The Vertical Deadbolt Lock

By: Andrew Brassard

Vertical dead bolt locks are the most common secondary locking device sold in North America; and they are be found on both commercial and residential doors. Vertical dead bolt locks maybe used to secure both inward and outward opening doors. Furthermore, these locks can be defeated using several techniques from conventional forcible-entry, to through the lock and modified-entry tactics. In this article, we will look at some proven techniques for forcing doors that utilize these types of additional security locks.

The Vertical Dead Bolt lock is a surface mounted rim lock and is made up of four major parts:

  • The Cylinder
  • The Back Plate
  • The Lock
  • The Bezel Ring

The Cylinder

The Cylinder is a Rim Cylinder; they come in either standard or completely round. The round cylinder was designed to make it more difficult to pull it out of the door. The cylinder has two 10⁄32” screws that come off the back that attach to the back plate; the cylinder is placed through a 1 ⅜ inch hole drilled into the door 2 ½ inches away from the doors leading edge. The cylinder has a stem (tail) that comes off the back of the lock; this stem goes into a receiver that opens and closes the locking mechanism. The stem, moreover, comes off the back of the keyway. When the key is inserted into the keyway and turned the stem will rotate activating the lock.

The Back-Plate

The back plate is what holds the cylinder in place. The two machine screws that thread into the back of the cylinder pass through two corresponding holes in the back-plate. There are two general styles of back-plates that you will encounter during your forcible-entry operation: The first type is the original style of backplate that Samuel Segal invented in 1912; this back plate is as large as the actual lock and is made from light weight steel. When attempting through the lock forcible entry on this type of backplate, you will actually be pulling the screws through the metal comprising the back-plate. The other type of back-plate that you may encounter is a smaller and weaker back-plate that is found on most cheap “knock off” vertical deadbolts. This back-plate usually just covers the cylinder opening; when through the lock forcibleentry is attempted, the back-plate is often pulled through the door as opposed to the screws being pulled through the plate.

The Lock

The lock is one inch thick, six inches long, and four inches wide. It has a hand-lock on the back side that allows you to lock the door once inside. The locking mechanism slides up and down into two looped receivers that are mounted onto the door frame, this essentially attaches the door to the frame. The lock is mounted to the door with four screws. This makes the lock still susceptible to conventional forcible entry methods. These types of locks are secondary locks that are installed by the home or business owner after the property changes hands; unsure that the previous property owner has given all the keys to the new owner for the door locks, a new lock is installed to ensure the property’s security. Even though the vertical deadbolt design is almost one-hundred years old, it is still very popular and provides a descent security and a formidable forcible-entry challenge.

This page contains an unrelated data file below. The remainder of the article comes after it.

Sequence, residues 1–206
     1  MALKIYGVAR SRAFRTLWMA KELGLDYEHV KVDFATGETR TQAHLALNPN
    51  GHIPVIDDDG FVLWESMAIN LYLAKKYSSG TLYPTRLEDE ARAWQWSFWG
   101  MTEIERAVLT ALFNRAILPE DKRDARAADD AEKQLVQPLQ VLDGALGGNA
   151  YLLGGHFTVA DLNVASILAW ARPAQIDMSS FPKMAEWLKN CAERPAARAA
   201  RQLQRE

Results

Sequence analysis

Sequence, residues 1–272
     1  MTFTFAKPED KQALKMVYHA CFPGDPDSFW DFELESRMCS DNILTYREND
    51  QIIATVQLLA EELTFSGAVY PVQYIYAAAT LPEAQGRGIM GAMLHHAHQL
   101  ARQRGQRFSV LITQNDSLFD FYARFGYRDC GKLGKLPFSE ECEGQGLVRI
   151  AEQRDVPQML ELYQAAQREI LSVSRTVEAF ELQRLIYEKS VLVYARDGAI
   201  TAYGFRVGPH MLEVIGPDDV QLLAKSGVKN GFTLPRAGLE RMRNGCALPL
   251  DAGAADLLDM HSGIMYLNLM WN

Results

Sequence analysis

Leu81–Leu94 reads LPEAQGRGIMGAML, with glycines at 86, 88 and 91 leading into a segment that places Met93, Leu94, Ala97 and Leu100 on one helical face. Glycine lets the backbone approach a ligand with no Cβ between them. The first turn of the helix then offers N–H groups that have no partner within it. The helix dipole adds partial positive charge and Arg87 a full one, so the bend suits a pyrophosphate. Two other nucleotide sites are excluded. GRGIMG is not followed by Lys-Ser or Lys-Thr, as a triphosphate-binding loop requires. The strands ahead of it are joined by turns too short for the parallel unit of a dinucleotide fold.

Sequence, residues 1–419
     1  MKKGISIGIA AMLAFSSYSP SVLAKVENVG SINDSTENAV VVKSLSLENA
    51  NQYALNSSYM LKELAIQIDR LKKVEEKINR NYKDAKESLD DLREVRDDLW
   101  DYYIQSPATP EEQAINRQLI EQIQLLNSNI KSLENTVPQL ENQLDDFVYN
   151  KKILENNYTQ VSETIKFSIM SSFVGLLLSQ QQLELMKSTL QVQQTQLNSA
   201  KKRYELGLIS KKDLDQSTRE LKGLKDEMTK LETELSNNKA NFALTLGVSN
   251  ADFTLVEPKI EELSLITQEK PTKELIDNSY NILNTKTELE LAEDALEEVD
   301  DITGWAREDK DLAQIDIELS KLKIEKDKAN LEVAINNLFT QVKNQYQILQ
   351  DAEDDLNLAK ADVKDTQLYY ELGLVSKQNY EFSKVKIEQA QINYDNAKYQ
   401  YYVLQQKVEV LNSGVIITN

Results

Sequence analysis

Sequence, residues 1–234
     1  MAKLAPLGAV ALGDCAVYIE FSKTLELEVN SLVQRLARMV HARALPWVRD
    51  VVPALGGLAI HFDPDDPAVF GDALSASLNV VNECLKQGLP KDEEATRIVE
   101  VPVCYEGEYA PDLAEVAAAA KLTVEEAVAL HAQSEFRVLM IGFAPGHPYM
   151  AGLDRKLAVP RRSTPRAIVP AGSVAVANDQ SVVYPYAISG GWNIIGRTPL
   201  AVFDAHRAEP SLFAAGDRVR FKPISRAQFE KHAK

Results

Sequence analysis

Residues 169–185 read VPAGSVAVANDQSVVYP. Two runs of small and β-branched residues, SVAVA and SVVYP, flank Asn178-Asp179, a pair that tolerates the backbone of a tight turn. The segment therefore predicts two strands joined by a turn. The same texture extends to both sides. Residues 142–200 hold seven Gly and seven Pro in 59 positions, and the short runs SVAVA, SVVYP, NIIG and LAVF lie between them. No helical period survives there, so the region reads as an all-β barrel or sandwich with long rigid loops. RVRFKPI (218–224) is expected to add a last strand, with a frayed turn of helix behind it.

The Bezel Ring

The bezel ring is a small metal ring that goes around the cylinder to protect it from being pulled out of the door; it also gives the lock a more ‘finished’ look. The bezel ring is usually flimsy and is made of white metal or brass; newer versions of the vertical deadbolt locks have much more substantial bezel rings on them that are made from steel and in some cases: Boron or another hardened metal or alloy.

Through the Lock Operations

If you have the right game plan and the right tools, forcible-entry operations on these types of locks should be fairly straight forward. Conventional forcible-entry is the preferred method of forcible entry in commercial or residential situations when we are dealing with a working fire; but what about all the other call types where forcible entry may be required? During: alarm activations, medical runs, water and gas leaks, public assistance calls, etc., we often have time to try and use the through the lock forcible entry method as our primary entry method.

Size-Up

As with any forcible entry operation, a quick and thorough sizeup is vital. You also want to be sure to ‘try before you pry.’ After you have established that the door is locked, you want to verify which locks are in fact locked: a simple way to do this is to place the adz of the halligan or the prying end of the Officer’s Tool in between the door and frame. Once the tool is in place the firefighter can pry slightly to see if there is any “play” in the door. If there is a considerable amount of movement in the door at the location of the lock, this is a good indication that the lock may be unlocked. After the size-up has been completed, your forcible entry operation can begin.

Pulling the Cylinder